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Old 27th May 2023, 09:27 PM   #1
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Default Parang, Java? Old blade?

Javanese name for this sword?

Wondering if anyone can improve on van Zonneveld. Closest match is with this sword on page 134 of Traditional Weapons of the Indonesian Archipelago labeled “Sword, West Java”. Dense wood hilt, no scabbard. Nice blade with very coarse texture, obvious pamor. Possibly old blade/new hilt? Would this be lumped under “parang”? Thanks!
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Old 27th May 2023, 11:53 PM   #2
A. G. Maisey
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No, not parang, but pedang.

Pedang translates as "sword".
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Old 28th May 2023, 01:14 PM   #3
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Good quality example from western Java, indeed. BTW, I'm quite sure this hilt is from horn.

The Sunda sphere of influence has had a very long and varied history (pretty much rivalling tanah Jawa in East and central Java throughout historic times). As usual, it's not any uniform culture - there are lots of local differences. Thus, narrowing down origins to specific regions and time periods can be as much a challenge as coming up with reasonably specific names.

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Old 28th May 2023, 06:26 PM   #4
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Default Alemeng vs pedang

This post is a good segue into a question that I have pondered over and not found an answer that puts my mind to rest. I believe I believe this inquiry is very relevant to clarify original post's identification. My sub-inquiry is the differences between a pedang and an alemeng. They can have similar blade construction and profile. The handle can be vaguely similar as well. I am not arguing the attribution, but I am asking for more clarification on the subject in general. I have attached some pictures from A. Ubbe, 3 alemeng and 1 kelewng as well because of its tepak kuda style handle. So, my question is I guess what are the major differences between the Jawa and Sulawesi tool/weapon? I see minor differences in blade profile but enough variation in each region that this doesn't seem easily generalized. Do the alemeng generally have a central ridge on the spine, the few pedang I have seen do. I cannot tell spine thickness from the pictures. Does that typically vary by region? The shape of the sweep of the hilt and pommel seem the major difference that I see. Is the Jawa hulu considered a hoof or tail feathers in shape?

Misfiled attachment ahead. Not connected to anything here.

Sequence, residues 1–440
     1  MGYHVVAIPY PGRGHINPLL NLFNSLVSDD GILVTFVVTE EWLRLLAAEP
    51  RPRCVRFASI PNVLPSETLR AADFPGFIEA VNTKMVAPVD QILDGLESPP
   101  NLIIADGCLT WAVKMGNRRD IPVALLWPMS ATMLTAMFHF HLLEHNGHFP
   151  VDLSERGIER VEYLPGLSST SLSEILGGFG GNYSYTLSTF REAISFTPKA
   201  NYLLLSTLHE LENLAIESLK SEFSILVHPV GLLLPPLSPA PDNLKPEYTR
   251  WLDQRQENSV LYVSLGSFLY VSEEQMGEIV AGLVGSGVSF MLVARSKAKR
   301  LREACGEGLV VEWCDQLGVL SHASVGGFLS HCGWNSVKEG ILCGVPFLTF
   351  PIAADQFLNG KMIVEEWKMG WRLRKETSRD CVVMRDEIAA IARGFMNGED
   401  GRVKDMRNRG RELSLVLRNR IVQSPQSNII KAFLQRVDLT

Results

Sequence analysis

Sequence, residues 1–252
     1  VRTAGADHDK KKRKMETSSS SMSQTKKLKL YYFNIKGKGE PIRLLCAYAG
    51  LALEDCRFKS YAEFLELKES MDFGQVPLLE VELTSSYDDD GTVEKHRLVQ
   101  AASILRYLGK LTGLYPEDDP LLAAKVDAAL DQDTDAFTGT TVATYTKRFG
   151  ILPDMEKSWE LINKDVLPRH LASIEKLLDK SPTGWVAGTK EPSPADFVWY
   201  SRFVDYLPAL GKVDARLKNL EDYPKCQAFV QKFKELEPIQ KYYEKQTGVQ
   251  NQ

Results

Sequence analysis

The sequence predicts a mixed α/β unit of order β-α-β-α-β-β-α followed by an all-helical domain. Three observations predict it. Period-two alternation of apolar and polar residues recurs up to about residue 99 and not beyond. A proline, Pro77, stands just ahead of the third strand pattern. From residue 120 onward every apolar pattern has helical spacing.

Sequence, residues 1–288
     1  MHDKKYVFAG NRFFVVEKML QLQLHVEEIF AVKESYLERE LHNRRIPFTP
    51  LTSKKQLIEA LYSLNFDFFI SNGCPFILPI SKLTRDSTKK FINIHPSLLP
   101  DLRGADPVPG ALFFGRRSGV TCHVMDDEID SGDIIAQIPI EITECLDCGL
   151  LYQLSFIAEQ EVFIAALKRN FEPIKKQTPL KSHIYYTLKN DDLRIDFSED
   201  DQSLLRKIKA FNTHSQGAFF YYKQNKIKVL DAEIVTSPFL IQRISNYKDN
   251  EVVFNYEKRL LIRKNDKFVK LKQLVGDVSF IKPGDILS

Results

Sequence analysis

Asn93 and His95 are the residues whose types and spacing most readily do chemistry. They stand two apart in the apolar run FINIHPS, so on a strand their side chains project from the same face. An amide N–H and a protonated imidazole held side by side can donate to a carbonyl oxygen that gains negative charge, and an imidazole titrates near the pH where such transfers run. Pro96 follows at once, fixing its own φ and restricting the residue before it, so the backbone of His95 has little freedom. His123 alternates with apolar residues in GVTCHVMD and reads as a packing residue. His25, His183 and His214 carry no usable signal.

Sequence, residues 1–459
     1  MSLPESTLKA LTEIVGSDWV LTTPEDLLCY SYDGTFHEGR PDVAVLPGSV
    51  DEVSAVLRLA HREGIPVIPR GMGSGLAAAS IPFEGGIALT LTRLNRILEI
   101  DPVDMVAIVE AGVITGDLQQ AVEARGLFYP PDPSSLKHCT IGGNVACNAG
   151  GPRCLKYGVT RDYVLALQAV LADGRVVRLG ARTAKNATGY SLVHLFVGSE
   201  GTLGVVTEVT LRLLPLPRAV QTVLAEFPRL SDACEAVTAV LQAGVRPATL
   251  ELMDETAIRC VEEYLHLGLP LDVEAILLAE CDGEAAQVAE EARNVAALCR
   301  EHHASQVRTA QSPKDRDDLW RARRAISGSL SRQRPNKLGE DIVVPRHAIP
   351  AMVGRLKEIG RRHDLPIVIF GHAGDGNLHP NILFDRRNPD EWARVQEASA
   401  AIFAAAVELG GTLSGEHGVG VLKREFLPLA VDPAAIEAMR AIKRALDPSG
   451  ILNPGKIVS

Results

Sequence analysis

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Old 29th May 2023, 03:51 AM   #5
A. G. Maisey
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The difference in names comes from the difference in locations & consequently dress.

We're looking at Bugis terminology & Javanese terminology.

In Central Jawa this blade is going to be called a pedang, in any dress at all it can be called anything else at all in any other place at all.

Names vary from place to place, from time to time and from person to person. The same person can give a different name to the same object on a different day, and/or if it is being used in a different way, or worn in a different way.

In my experience it becomes a pretty pointless exercise to pin an unchanging, nailed down, cast iron name on something, and this does not only apply to weaponry, it is general across almost everything.

Kai has indicated that getting a "specific" name for something is difficult, well, the concept of something having a specific name is dependent upon time, location, place, circumstance, & person. In these societies "specific" means what the person you are speaking with, & what you, yourself, can agree is correct.


Just a bit if clarification, in Javanese a pedang is a sword, a parang is a chopping tool, but today's pedang can well be tomorrow's parang:dad bought himself a pedang to wear when he does guard duty at the kraton, but then he died, junior got the pedang and he used it to clear some scrub so he could build a house, and that's when it became a parang.

In Balinese the word "parang" appears not to exist, but "peding" means "sword".

In Sundanese a "parang" is a farming tool for chopping light scrub,"pedang" is "sword".

In Malay a "parang" is a chopping tool, a "pedang" is a sword.

Both parang and pedang have classifiers, FX, a "pedang suduk" is a stabbing sword in Javanese, a "pedang sabet" is a slashing sword in Javanese, ie, a sabre, and there can be specific forms of each type, but opinions on what is what do vary, as previously noted.

Last edited by A. G. Maisey; 29th May 2023 at 05:27 AM. Reason: Clarification
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Old 29th May 2023, 06:20 AM   #6
Bob A
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Sounds like the language is rife with nuance, and unspoken yet situation-specific contextual understanding.

Would this nuanced communication be understood by all in the culture, or is it somehow caste-specific? A complex culture, seemingly.
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